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Super Size Me

Whatever you do, don't watch Super Size Me (2004) after a heavy meal. Morgan Spurlock's debut documentary did more than win critical raves and film-festival honors (including a Director's Award at Sundance) — it arguably forced McDonald's to abandon its calorie-laden "Super Size" menu option. It also built upon the success of author Eric Schlosser's Fast Food Nation in seeking to educate the public about their personal eating choices and the social costs of obesity and inactivity. Thus, if you've just stuffed yourself with a particularly tasty chili dog and fries, you're bound to find Spurlock's journey about as comfortable as an attack of intestinal cramping. Not that his ordeal is all that harrowing. It's simple, in fact — all he has to do is eat at McDonald's three times a day for a month. That's it, although there are a few corollaries. For example, he can't eat any food that isn't from McDonald's; he must try everything on the menu at least once; and he must "Super Size it" whenever offered, cranking some meals up over 1,500 calories per sitting (and that's not including dessert). Given Spurlock's 185 lb. frame and daily requirement of 2,500 calories, it's not hard to see where the scale's headed, although his team of health experts are astounded when he packs on nine pounds in just seven days; by the end of the month, he's 27 lbs. overweight with high cholesterol and compromised liver functions.

McDonald's unwittingly gave Morgan Spurlock the idea for Super Size Me when they claimed, in response to an obesity lawsuit, that their food "can be part of any balanced diet and lifestyle." And if it seems that the resulting documentary is a bit of a sucker-punch (and let's face it, who really thinks fast-food is healthy?), the fast-food giant failed to respond, at least on camera at Spurlock's invitation. Where the response appears to have happened was between the film's premiere at Sundance and its nationwide rollout a few months later, because in the interim the "Super Size" option was banished at McDonald's, apparently for good. But should we score one for lefty do-gooders who want banish fun as well, eventually guilting us into eating tofurkey and hemp granola while marveling over our exquisitely detoxed colons? Not really. Part of what makes Super Size Me so much fun is that it's hardly a leftist screed — if anything, Spurlock comes across as a fellow driven by nothing more than curiosity and common-sense, albeit armed with a sardonic sense of humor. The mere fact that he began his documentary without knowing how it would turn out gives it a verité appeal, making carefully scripted anti-corporate films (such as The Corporation) seem manipulative and cold. He gives McDonald's ample opportunities to state their case without any sort of Michael Moore ambush (they don't return most of his phone calls). A food-industry lobbyist does go on camera, although he unwittingly admits that the companies he represents are "part of the problem" (by the time the film premiered, he was no longer working there). And Spurlock hunts down the ultimate McDonald's lover, Don Gorske, who has eaten at least one or two Big Macs a day for years and sports a thin frame and 160 cholesterol (tip: he rarely eats fries). Spurlock himself loves junk food, aware that it's scientifically engineered to taste good, and he resists his vegan girlfriend's admonishments, refusing to give up meat when his 30 days at the Golden Arches are up. But like a good investigative reporter, his intertwined vignettes present compelling evidence that America's obesity crisis is intrinsically related to the rise of convenient, low-cost, high-fat junk food in a largely sedentary population, and he saves his best point for last: McDonald's and other fast-food chains aren't in business to make people unhealthy, but simply to sell what folks want to eat. And lawsuits won't change that — only eating habits will.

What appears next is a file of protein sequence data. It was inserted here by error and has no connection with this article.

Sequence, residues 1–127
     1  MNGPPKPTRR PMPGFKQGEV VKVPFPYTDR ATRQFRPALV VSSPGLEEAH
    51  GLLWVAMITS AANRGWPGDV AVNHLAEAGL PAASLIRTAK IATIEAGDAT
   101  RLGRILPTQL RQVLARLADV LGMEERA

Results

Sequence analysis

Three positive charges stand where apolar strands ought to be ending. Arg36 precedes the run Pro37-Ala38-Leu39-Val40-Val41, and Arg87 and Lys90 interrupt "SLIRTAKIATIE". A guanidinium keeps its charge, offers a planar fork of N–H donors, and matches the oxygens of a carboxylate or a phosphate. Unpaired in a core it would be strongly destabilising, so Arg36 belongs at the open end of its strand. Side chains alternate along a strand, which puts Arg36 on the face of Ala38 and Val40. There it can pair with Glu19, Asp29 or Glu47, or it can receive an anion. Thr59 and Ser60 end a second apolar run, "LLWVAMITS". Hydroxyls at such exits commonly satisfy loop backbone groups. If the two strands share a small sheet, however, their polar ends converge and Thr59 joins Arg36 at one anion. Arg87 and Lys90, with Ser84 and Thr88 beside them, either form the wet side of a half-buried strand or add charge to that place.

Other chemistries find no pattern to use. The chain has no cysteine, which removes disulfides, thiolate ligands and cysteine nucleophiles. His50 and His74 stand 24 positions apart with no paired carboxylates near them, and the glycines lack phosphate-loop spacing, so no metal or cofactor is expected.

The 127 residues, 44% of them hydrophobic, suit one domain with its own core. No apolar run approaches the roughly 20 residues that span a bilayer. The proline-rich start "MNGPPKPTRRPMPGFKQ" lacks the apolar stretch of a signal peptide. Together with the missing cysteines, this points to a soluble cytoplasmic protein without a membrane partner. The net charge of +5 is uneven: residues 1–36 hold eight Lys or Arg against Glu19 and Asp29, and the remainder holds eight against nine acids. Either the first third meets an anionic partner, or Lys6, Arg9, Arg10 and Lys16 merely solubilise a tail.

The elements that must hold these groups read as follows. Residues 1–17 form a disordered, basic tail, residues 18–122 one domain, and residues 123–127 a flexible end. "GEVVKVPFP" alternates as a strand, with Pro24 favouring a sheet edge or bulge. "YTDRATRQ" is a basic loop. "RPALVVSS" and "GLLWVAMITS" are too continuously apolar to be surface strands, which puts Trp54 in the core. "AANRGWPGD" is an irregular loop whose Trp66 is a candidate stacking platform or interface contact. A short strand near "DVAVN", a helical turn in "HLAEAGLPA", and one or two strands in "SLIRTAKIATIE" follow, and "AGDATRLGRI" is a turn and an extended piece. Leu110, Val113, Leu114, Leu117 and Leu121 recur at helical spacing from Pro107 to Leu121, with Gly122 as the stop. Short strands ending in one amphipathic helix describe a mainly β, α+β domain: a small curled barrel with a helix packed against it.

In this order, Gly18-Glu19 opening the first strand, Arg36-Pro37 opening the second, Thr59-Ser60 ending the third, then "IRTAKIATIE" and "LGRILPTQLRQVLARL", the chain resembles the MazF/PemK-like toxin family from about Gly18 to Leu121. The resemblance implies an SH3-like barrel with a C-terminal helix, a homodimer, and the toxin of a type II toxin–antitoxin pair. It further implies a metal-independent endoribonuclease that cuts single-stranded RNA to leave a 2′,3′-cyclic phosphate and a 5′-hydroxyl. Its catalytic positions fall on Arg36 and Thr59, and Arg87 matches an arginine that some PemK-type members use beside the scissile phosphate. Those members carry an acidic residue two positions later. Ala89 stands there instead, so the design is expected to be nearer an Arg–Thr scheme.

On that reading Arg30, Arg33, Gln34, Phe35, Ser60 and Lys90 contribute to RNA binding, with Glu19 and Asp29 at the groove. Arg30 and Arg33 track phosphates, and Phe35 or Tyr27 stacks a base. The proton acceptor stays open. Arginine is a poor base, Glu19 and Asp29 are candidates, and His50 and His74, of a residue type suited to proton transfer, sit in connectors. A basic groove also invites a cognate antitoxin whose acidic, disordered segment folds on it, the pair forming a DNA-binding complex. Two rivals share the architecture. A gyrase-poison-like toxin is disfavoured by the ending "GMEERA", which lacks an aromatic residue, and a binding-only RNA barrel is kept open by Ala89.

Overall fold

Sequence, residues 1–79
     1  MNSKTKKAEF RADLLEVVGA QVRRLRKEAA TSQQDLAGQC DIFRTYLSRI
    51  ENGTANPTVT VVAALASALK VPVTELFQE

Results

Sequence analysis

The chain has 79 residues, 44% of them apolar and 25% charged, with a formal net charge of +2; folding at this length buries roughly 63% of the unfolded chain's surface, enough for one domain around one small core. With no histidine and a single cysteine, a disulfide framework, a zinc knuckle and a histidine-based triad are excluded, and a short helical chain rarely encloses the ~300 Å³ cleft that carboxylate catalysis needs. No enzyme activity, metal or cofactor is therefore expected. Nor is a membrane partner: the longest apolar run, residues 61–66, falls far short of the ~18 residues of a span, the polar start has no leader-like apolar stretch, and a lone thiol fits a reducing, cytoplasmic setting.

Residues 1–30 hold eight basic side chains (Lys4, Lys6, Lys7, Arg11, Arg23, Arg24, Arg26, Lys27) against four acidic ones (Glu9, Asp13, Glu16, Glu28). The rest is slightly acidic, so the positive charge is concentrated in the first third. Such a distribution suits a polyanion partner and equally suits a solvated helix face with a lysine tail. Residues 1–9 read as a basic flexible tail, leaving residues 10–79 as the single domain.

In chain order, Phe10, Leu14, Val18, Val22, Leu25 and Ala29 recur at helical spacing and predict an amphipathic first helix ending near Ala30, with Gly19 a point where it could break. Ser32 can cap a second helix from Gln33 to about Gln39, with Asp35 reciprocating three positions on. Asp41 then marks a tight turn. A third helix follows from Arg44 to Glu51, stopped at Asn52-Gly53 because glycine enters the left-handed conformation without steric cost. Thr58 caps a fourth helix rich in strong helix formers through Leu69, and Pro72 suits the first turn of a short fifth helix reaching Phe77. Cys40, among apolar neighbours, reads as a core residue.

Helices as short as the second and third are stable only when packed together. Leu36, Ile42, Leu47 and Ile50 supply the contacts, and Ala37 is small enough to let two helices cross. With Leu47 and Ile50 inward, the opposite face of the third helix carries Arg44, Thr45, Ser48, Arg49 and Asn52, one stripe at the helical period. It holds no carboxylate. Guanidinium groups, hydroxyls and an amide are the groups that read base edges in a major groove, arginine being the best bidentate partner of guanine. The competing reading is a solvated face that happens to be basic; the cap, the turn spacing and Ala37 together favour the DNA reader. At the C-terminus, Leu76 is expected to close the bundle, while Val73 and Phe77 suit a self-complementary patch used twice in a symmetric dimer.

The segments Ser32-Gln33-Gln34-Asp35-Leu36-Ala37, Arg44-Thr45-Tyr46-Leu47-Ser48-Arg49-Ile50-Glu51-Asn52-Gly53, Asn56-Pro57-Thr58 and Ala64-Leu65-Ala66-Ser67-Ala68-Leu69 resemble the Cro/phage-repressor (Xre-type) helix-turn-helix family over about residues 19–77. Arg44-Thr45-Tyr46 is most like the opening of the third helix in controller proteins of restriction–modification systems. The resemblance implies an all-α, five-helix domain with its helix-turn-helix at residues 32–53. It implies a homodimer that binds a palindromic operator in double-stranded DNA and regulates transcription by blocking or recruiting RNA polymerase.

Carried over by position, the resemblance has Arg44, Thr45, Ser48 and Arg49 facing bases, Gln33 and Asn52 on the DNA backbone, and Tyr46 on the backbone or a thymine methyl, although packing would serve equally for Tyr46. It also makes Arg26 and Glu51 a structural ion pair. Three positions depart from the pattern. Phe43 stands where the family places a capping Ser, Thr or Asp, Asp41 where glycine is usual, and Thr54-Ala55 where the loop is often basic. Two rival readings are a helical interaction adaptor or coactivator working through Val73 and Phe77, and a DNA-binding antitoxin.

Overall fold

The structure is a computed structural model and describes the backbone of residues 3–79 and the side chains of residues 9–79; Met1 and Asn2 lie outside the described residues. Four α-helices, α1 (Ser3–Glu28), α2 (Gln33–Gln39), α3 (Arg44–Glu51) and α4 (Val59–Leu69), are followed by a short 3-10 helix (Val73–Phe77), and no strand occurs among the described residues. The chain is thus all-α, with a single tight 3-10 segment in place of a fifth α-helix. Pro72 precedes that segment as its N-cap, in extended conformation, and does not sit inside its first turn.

ThinkFilm's DVD release of Super Size Me features a good full-frame transfer (1.33:1 OAR) with Dolby 2.0 Surround audio, both of which accurately render Spurlock's low-budget guerrilla style of filmmaking. The many supplements will entertain fans who saw the feature film in the theater, including a commentary by Spurlock and girlfriend Alex Jamieson, four deleted scenes, a selection of interviews, including one with author Eric Schlosser (who does not appear in the film itself), and "The Smoking Fry," in which one McDonald's menu item appears remarkably resistant to bacteria. Keep-case.
—JJB



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